You are here

Clouds and temperature drive dynamic changes in tropical flower production

Title: Clouds and temperature drive dynamic changes in tropical flower production.
340 views
50 downloads
Name(s): Pau, Stephanie, author
Wolkovich, Elizabeth, author
Cook, Benjamin, author
Nytch, Christopher J., author
Regetz, James, author
Zimmerman, Jess, author
Wright, S., author
Type of Resource: text
Genre: Text
Issuance: serial
Date Issued: 2013
Physical Form: computer
online resource
Extent: 1 online resource
Language(s): English
Abstract/Description: Tropical forests are incredibly dynamic, showing rapid and longer-term changes in growth, mortality and net primary productivity. Tropical species may be highly sensitive to temperature increases associated with climate change because of their narrow thermal tolerances. However, at the ecosystem scale the competing effects of temperature, light and precipitation on tropical forest productivity have been difficult to assess. Here we quantify cloudiness over the past several decades to investigate how clouds, together with temperature and precipitation, affect flower production in two contrasting tropical forests. Our results show that temperature, rather than clouds, is critically important to tropical forest flower production. Warmer temperatures increased flower production over seasonal, interannual and longer timescales, contrary to recent evidence that some tropical forests are already near their temperature threshold. Clouds were primarily important seasonally, and limited production in a seasonally dry forest but enhanced production in an ever-wet forest. A long-term increase in flower production at the seasonally dry forest is not driven by clouds and instead may be tied to increasing temperatures. These relationships show that tropical forest productivity, which is not widely thought to be controlled by temperature, is indeed sensitive to small temperature changes (1–4°C) across multiple timescales.
Identifier: FSU_migr_geo_faculty_publications-0001-P (IID)
Keywords: RAIN-FOREST TREE, AMAZON FOREST, DROUGHT, GROWTH, CLIMATE, PLANTS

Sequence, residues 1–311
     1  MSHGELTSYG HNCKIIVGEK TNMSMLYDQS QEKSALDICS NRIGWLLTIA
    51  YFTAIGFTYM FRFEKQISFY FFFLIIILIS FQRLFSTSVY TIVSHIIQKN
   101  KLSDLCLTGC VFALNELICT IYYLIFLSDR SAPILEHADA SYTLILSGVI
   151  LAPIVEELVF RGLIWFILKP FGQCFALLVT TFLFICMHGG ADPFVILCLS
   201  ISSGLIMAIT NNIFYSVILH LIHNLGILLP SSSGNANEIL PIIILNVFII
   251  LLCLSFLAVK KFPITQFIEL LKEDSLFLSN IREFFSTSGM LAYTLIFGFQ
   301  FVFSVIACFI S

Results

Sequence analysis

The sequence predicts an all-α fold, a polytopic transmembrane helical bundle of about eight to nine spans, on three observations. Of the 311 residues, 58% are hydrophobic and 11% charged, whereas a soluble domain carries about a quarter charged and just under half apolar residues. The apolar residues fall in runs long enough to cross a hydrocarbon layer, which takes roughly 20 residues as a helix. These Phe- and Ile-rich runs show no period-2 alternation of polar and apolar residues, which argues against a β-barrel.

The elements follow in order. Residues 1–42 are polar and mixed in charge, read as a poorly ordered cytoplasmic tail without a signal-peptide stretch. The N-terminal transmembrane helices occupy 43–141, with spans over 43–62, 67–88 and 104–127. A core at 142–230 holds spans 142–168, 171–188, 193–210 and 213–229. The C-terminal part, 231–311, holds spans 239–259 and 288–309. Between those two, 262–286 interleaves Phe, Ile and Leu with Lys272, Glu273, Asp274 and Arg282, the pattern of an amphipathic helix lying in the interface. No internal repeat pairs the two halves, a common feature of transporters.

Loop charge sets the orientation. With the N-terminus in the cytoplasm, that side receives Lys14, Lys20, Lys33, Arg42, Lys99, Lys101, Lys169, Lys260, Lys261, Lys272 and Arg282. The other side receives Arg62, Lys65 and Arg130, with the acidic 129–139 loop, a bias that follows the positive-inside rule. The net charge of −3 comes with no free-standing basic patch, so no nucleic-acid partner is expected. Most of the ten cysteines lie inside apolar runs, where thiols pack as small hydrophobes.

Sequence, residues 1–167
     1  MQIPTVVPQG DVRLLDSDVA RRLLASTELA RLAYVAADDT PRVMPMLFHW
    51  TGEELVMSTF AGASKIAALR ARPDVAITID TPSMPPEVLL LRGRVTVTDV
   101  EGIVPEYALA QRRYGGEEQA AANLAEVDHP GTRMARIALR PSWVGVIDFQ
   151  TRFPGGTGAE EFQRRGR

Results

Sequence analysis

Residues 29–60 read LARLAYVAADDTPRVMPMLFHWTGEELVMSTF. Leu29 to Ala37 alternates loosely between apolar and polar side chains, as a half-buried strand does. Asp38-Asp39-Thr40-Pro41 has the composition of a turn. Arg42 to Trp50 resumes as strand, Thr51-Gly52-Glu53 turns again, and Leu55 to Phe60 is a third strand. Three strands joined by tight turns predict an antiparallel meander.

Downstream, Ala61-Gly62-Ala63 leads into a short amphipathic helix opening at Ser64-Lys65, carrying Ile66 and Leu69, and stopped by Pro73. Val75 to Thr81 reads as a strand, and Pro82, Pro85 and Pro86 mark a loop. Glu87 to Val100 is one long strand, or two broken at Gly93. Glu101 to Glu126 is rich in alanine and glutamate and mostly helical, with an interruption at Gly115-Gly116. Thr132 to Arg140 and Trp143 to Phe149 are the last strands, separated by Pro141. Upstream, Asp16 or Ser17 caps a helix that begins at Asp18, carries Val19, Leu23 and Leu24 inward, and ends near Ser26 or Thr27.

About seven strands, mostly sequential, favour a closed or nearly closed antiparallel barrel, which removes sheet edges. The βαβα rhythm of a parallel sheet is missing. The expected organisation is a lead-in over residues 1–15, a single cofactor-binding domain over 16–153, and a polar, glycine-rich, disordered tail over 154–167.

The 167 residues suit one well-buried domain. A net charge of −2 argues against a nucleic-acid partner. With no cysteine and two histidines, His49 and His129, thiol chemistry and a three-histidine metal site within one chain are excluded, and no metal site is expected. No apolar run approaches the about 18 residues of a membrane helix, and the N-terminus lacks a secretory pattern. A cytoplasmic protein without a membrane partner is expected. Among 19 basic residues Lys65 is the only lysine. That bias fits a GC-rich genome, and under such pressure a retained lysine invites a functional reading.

Note: This is the accepted manuscript provided by the author. The article as published in Nature Climate Change is available here: http://www.nature.com/nclimate/journal/v3/n9/full/nclimate1934.html
Citation: Pau, S., Wolkovich, E. M., Cook, B. I., Nytch, C. J., Regetz, J., Zimmerman, J. K., & Wright, S. J. (2013). Clouds and temperature drive dynamic changes in tropical flower production. Nature Climate Change.
Subject(s): Geography
Links: http://dx.doi.org/10.1038/nclimate1934
Persistent Link to This Record: http://purl.flvc.org/fsu/fd/FSU_migr_geo_faculty_publications-0001-P
Owner Institution: FSU
Is Part of Series: Department of Geography Faculty Publications.
Is Part Of: Nature Climate Change.
Issue: 9, 3

Choose the citation style.
Pau, S., Wolkovich, E., Cook, B., Nytch, C. J., Regetz, J., Zimmerman, J., & Wright, S. (2013). Clouds and temperature drive dynamic changes in tropical flower production. Nature Climate Change. Retrieved from http://dx.doi.org/10.1038/nclimate1934

Title: Clouds and temperature drive dynamic changes in tropical flower production.
Name(s): Pau, Stephanie, author
Wolkovich, Elizabeth, author
Cook, Benjamin, author
Nytch, Christopher J., author
Regetz, James, author
Zimmerman, Jess, author
Wright, S., author
Type of Resource: text
Genre: Text
Issuance: serial
Date Issued: 2013
Physical Form: computer
online resource
Extent: 1 online resource
Language(s): English
Abstract/Description: Tropical forests are incredibly dynamic, showing rapid and longer-term changes in growth, mortality and net primary productivity. Tropical species may be highly sensitive to temperature increases associated with climate change because of their narrow thermal tolerances. However, at the ecosystem scale the competing effects of temperature, light and precipitation on tropical forest productivity have been difficult to assess. Here we quantify cloudiness over the past several decades to investigate how clouds, together with temperature and precipitation, affect flower production in two contrasting tropical forests. Our results show that temperature, rather than clouds, is critically important to tropical forest flower production. Warmer temperatures increased flower production over seasonal, interannual and longer timescales, contrary to recent evidence that some tropical forests are already near their temperature threshold. Clouds were primarily important seasonally, and limited production in a seasonally dry forest but enhanced production in an ever-wet forest. A long-term increase in flower production at the seasonally dry forest is not driven by clouds and instead may be tied to increasing temperatures. These relationships show that tropical forest productivity, which is not widely thought to be controlled by temperature, is indeed sensitive to small temperature changes (1–4°C) across multiple timescales.
Identifier: FSU_migr_geo_faculty_publications-0001 (IID), 10.1038/nclimate1934 (DOI)
Keywords: RAIN-FOREST TREE, AMAZON FOREST, DROUGHT, GROWTH, CLIMATE, PLANTS
Note: This is the accepted manuscript provided by the author. The article as published in Nature Climate Change is available here: http://www.nature.com/nclimate/journal/v3/n9/full/nclimate1934.html
Citation: Pau, S., Wolkovich, E. M., Cook, B. I., Nytch, C. J., Regetz, J., Zimmerman, J. K., & Wright, S. J. (2013). Clouds and temperature drive dynamic changes in tropical flower production. Nature Climate Change.
Subject(s): Geography
Links: http://dx.doi.org/10.1038/nclimate1934
Persistent Link to This Record: http://purl.flvc.org/fsu/fd/FSU_migr_geo_faculty_publications-0001
Owner Institution: FSU
Is Part of Series: Department of Geography Faculty Publications.
Is Part Of: Nature Climate Change.
Issue: 9, 3